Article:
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Massive food price hikes spell disaster for poorest people
THE FINANCIAL speculators and hedge funds that so spectacularly contributed to the financial crisis resulting in the 'Great Recession' have now turned their attention to the international food market with devastating consequences.
These spivs are now trading heavily in the futures markets in food, speculating on prices and causing extreme volatility.
The UN Food and Agricultural Organisation reported: "Rarely have markets exhibited this level of uncertainty and sudden turns in such a brief period of time. World cereal production this year, which is currently put at 2,216 million tonnes, is 2% below 2009 levels, 63 million tonnes less than the forecast reported in June."
The UN has warned that food prices could rise by 10-20% next year after poor harvests and an expected rundown of global reserves. More than 70 African and Asian countries will be the worst hit.
Combined with the heatwave and fires in Russia and the floods in Pakistan, this has resulted in the prices of wheat, maize and many other foods traded internationally rising by up to 40% in just a few months.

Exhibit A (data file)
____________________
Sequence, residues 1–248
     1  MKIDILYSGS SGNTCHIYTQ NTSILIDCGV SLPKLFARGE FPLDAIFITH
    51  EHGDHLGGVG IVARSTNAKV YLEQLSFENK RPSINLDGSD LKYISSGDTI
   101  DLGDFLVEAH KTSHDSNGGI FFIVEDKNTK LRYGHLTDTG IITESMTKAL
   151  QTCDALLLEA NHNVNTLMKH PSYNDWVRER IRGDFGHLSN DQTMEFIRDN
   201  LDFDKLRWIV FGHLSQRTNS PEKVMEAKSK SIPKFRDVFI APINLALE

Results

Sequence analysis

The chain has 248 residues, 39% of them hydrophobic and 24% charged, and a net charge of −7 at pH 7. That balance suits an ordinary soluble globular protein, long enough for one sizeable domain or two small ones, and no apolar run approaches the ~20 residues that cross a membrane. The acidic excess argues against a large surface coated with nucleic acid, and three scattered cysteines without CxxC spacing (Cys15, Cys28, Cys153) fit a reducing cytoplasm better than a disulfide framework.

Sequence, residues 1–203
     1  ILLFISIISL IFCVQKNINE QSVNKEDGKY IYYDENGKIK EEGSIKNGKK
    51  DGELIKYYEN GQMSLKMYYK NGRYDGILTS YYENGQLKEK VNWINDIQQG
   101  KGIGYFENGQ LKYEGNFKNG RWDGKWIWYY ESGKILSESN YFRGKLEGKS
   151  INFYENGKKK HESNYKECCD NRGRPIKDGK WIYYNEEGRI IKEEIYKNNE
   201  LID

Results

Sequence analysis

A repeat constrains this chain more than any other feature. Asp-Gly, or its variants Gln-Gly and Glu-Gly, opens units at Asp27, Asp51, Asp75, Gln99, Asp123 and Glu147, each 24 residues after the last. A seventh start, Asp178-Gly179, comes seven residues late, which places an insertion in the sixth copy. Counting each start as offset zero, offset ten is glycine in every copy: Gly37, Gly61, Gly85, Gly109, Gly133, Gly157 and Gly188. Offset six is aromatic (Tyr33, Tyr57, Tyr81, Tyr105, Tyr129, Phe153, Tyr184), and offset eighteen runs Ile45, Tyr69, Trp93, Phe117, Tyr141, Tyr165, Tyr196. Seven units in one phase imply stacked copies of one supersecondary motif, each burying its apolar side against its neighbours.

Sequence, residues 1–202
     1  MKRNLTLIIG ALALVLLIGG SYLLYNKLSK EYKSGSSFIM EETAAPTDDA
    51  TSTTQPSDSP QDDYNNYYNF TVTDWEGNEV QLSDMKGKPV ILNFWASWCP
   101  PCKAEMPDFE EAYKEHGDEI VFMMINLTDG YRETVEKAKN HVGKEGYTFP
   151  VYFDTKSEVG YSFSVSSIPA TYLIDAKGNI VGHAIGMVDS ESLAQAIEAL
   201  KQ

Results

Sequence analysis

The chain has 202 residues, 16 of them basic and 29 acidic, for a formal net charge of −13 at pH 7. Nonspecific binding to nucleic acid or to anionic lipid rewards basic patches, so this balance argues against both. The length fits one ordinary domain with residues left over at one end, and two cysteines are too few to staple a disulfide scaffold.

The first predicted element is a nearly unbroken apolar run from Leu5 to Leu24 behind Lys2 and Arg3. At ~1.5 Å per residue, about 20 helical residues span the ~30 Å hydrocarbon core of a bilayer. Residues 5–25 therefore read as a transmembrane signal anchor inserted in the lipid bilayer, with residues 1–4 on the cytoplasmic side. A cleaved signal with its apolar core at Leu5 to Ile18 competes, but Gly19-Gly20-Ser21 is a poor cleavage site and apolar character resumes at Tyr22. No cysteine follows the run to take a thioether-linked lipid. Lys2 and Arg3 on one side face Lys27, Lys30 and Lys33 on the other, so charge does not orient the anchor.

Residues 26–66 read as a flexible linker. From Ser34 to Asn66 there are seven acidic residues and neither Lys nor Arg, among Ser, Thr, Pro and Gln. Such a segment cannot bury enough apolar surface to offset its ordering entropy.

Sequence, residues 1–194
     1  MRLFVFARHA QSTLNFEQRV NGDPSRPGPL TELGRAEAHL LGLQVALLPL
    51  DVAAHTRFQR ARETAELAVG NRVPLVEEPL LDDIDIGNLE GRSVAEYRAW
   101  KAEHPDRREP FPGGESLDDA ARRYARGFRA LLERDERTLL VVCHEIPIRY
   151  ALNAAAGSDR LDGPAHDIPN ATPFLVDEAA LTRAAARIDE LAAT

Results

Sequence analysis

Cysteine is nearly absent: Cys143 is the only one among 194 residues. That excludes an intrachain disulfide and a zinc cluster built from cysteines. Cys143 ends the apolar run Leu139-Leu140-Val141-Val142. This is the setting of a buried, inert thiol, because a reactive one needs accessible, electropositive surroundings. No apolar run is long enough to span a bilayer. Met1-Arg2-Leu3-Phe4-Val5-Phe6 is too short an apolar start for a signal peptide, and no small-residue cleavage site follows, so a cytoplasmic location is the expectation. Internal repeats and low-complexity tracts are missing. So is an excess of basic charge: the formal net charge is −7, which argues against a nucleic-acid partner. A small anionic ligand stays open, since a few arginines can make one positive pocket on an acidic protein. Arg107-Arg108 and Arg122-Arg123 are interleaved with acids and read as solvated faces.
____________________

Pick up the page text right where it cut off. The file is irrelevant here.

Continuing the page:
Sugar, butter and cassava prices are at 30-year highs, and meat and fish are both significantly more expensive than last year.
Larry Elliot in the Guardian has argued that these massive increases are also due to speculators buying up farms in poor countries to profit from China's increasing reliance on imported food. This in turn increases poor countries' reliance on expensive imported food.
International food import bills could pass the $1 trillion mark and the speculators cannot resist getting their noses into a trough that size.
The 2007/08 food crisis saw food riots in more than 25 countries and 100 million extra hungry people. The UN fears similar for next year.
As Lester Brown, founder of the Washington-based Worldwatch Institute, pointed out: "The poorest will suffer the most because they feel the effect of price rises directly".
With one and a half billion people globally struggling to get by on between $1 and $2 a day, capitalism has nothing to offer them - not even enough food in their bellies.
But while the world's poorest people are suffering, big business is enjoying a profits bonanza in global agriculture and its associated trade. In the advanced capitalist countries working people are also increasingly struggling with rising food prices.
Socialist nationalisation of the agribusiness multinationals and a democratically run, international plan of food production represents the only way forward for the poor and the working people of the world.
In The Socialist 23 November 2010:
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